Don Henry| November 16th, 2018
The nation’s highest court has once again been asked to intervene in gerrymandering cases, this time in Maryland and Virginia.
Maryland’s long-running dispute is a mirror image of Pennsylvania's. There, a Democratic gerrymander is causing partisan rancor in the state capitol.
Democratic Attorney General Brian Frosh on Nov. 15 bucked the state’s newly re-elected Republican governor and appealed a lower federal court’s order to redraw the state’s congressional map.
Frosh has asked for a quick hearing on the three-judge panel’s decision, which found that Democratic mapmakers had violated the First Amendment rights of Republican voters.
The Supremes last looked at the case in June, when they sidestepped the question of just how much partisan gerrymandering is required to make a map unconstitutional.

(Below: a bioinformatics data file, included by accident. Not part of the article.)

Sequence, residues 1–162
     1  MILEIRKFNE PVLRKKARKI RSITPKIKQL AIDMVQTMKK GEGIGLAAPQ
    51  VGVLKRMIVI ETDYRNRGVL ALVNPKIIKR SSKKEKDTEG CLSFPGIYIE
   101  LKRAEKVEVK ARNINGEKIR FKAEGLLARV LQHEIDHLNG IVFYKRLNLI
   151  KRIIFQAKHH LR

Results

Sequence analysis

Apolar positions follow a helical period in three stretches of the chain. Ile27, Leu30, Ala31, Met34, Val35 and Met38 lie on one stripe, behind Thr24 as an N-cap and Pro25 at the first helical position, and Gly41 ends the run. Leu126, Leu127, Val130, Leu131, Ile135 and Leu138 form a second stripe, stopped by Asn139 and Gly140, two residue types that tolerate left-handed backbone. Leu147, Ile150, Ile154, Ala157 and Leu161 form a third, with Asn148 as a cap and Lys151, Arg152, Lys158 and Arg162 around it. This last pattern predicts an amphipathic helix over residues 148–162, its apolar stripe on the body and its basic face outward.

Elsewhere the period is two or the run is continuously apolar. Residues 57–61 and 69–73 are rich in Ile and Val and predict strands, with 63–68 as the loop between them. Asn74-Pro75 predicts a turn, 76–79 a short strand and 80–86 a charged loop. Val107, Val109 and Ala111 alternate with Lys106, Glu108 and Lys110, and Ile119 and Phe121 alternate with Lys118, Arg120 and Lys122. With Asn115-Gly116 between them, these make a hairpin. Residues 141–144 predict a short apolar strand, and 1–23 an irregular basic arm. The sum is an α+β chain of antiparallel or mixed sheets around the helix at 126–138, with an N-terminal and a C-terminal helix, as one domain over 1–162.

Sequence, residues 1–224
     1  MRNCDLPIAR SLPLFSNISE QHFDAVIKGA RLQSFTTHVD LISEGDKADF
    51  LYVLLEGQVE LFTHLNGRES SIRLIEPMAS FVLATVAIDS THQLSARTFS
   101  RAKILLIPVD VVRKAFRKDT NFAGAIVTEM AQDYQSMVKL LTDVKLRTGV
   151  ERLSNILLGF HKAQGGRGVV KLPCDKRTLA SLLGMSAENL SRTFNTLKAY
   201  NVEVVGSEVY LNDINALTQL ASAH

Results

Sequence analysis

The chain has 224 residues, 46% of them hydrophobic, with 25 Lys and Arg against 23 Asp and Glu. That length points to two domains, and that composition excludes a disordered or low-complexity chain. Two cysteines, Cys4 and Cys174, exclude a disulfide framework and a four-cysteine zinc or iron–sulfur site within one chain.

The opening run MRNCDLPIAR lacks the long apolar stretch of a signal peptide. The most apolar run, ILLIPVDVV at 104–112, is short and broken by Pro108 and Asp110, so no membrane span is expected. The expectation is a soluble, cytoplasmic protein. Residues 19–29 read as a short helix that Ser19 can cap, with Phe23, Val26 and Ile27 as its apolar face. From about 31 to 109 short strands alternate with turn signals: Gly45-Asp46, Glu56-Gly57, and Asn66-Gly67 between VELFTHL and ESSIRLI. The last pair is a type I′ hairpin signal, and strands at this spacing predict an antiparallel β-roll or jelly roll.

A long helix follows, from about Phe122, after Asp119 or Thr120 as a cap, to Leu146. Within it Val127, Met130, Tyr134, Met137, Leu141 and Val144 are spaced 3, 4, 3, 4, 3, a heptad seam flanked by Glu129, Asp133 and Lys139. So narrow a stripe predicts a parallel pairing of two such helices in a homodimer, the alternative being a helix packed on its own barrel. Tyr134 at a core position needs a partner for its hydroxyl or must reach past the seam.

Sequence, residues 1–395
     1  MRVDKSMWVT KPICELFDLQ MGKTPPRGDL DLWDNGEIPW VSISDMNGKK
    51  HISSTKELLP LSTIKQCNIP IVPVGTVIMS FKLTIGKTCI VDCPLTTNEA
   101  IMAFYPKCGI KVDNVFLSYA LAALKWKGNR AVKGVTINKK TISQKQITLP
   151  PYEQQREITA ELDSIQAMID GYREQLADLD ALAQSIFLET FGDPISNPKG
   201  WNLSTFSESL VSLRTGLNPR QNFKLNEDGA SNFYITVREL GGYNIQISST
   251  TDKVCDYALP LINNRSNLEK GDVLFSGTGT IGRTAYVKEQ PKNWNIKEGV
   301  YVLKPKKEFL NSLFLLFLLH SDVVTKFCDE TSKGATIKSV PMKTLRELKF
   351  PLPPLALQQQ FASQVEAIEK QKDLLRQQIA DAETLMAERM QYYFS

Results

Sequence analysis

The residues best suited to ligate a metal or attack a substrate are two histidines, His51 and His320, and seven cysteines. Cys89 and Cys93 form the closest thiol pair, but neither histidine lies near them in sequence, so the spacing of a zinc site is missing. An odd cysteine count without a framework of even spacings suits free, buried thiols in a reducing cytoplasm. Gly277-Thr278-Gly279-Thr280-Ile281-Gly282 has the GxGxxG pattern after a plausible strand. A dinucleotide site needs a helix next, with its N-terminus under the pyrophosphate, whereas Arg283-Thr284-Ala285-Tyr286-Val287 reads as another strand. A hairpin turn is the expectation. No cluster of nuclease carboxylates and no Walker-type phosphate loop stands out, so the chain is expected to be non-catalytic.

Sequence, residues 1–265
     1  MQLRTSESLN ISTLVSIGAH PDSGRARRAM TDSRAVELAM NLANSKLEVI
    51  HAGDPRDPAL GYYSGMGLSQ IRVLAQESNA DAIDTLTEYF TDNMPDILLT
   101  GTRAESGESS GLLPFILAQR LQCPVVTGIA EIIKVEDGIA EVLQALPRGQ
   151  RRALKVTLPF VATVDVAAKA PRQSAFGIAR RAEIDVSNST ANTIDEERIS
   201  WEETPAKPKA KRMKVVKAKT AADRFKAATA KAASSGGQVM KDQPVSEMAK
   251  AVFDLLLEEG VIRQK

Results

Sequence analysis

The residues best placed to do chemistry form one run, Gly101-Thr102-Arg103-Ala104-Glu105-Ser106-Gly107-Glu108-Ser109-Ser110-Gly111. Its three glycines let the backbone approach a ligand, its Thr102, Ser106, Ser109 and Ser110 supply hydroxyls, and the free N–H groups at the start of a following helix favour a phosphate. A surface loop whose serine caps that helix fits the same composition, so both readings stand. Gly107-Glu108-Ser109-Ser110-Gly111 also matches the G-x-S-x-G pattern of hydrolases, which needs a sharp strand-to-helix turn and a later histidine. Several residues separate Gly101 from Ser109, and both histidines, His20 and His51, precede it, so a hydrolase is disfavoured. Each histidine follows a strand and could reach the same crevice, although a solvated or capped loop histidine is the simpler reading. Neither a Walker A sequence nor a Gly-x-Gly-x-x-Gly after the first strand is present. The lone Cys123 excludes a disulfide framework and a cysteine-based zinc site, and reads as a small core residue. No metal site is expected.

Gov. Larry Hogan supports a constitutional amendment that would form an independent commission to redraw boundaries. Though a spokesperson, he condemned Frosh's appeal.
SCOTUS also agreed Nov. 13 to hear a Virginia challenge in which Republican lawmakers have objected to a lower court’s ruling that 11 House of Delegates districts must be redrawn to correct racial gerrymandering.
According to the Washington Post, the appeal does not halt the current redistricting process, which is being handled by a “special master” appointed by a three-judge panel in federal court.